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You are enough, you have everything it takes to survive in this world, including all of your issues. We are awesome like that.  But, when it feels like more than we can handle, when it feels daunting and scary, sad and lonely, we forget about our own resources, our own awesomeness, and when that happens, our world begins to shrink. It is at this time, in particular, than a friend’s ear, soft shoulder, or hand in ours, can be the most comforting, most rewarding, experience that we recall for years to come.

The ear hears many sounds and, I think, feels many vibrations beyond those we can rationalize as sound, which is why I believe deeply in listening to what people say. Just like our ears, I know our eyes take in much more than our brains can visualize into an image. There is so much to take in, however, that we can become masters at deflection, avoidance, and short-sightedness in order to calm our own living world.

When we meet, what do you say? “Hi” usually followed by “How are ya?” That’s how it is in my social circle and culture, and it is so common, that we hardly wait for an answer, or our answer is so routine that we unconsciously answer “Fine” with a fake smile before we have even had time to process that question. We mask it up so well, and depending on the social circumstance, it may not be deemed appropriate to divulge what we are actually feeling or thinking. For most of us, this can get close to 100% of the time.

And so we push it deeper inside our brains, which pushes that thought into our body, and chemicals are created that create a feeling, sometimes in the pit of our stomachs, or our diaphragm, or our heads. It eludes us until it demands our attention, and sometimes we just don’t know why.

This is why it is so monumentally powerful when a person actually hears your answer to “Hi, how are you?”. If you say “Busy, it’s been a busy week” and they get curious by asking “Oh? How so?” That can almost catch you off guard! We aren’t used to people listening to us. We aren’t used to providing real answers to social or polite questions. What does this say about our society?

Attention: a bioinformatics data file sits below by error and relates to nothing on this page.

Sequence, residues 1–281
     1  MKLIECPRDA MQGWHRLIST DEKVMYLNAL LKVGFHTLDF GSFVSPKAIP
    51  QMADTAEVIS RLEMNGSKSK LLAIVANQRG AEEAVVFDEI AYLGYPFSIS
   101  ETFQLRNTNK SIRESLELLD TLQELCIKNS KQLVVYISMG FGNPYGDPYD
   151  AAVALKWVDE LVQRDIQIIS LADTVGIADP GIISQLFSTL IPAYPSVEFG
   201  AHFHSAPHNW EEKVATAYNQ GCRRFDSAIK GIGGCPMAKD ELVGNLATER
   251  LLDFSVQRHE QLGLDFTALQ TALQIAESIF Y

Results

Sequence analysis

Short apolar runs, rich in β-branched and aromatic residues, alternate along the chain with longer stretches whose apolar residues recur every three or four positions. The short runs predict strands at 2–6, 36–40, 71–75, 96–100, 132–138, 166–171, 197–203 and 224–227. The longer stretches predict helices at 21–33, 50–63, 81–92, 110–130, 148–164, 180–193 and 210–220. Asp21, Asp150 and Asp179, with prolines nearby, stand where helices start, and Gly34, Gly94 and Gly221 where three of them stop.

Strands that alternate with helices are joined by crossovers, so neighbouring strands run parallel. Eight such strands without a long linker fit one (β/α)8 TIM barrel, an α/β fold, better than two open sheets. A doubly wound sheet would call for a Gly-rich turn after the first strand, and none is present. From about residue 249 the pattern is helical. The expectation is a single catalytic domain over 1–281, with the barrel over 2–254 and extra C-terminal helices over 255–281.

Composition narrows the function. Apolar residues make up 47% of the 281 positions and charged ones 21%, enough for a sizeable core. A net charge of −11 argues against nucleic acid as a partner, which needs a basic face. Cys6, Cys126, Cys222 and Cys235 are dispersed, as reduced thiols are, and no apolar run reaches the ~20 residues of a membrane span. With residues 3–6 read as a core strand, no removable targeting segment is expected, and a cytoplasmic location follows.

What does this day about what we get used to? We are all walking around with plenty of armour on, which protects us from getting close to everyone we come in to contact with. To a degree, this is a necessity, but we have to remember we are wearing it! I often don’t take my armour off, and I offer less to those around me because of it.

In this evening’s class to be a volunteer counsellor, the topic of suicide was raised. I thought how much we interact with others, and how many people hardly ever, if at all, are heard, are listened to, are seen, or even acknowledged in our society. And I’m not just talking about the disenfranchised cultures and minorities, but regular people like our neighbours, that guy you sit across to at work, your spouse, your son or daughter. Do we spend enough time to ask them, with genuine curiosity, “How are you doing today?” or “How are you feeling?” We live so much of our lives in our head, on the computer, on our phones, texting, that our world is like a surreal matrix, void of touch. I mean touch as in physical, emotional, and spiritual.

It’s easy to slip unnoticed by so many people, and it is specially relevant right now, as we head into yet another frenzy of holiday experience. It can be seen from those that have no family, like they don’t belong. Where do we get the kind of connection we need as a person if not from our family? If we don’t cultivate friendships?

One of the best aspects of my previous job was fielding complaints from the public. I never took their complaint personally, which helped me acknowledge their view, and often I felt what they were feeling, and I was able to see their point of view, and after that was accomplished, I’ll tell you, it didn’t really matter if any action came from the phone call. I could already feel a palpable release of tension in their voice. That says something. If we could simply be the sounding board for one other human being, we may never know the difference it makes, but isn’t that beautiful?

We could actually save a person’s life simply by listening, interacting, really ‘seeing’ someone for the first time.Listening, seeing, acknowledging, witnessing, empathizing, sharing, times, stories, events, anything…is enough.

Share the essence of you with the essence of another and you will be rewarded.

???????????????????????????????If they ever speak to you about a darkness, about leaving this world, about checking our or suicide, please refer them to a counselling service, a friend, and stay with them. Listen to them and offer the best medicine of all: your genuine time with them. We can not make anyone live, nor can we make anyone die, but we can explore reasons for living, connections to this world, and maybe, give someone hope where they simply forgot it.

Remind the world why we are human: we crave connection. So connect with someone today. It may not be your life you save, but I bet both will change with every new connection.

These acts of genuine kindness and compassion are indelible in those that received them from another. That shows their power, their gift of connecting people to the very core of their existence. That is enough. You are more than enough to share with any other human being.

Share the gift of time this holiday season and you will have shared what no billionaire can possibly buy, nor what any heart could genuinely deny.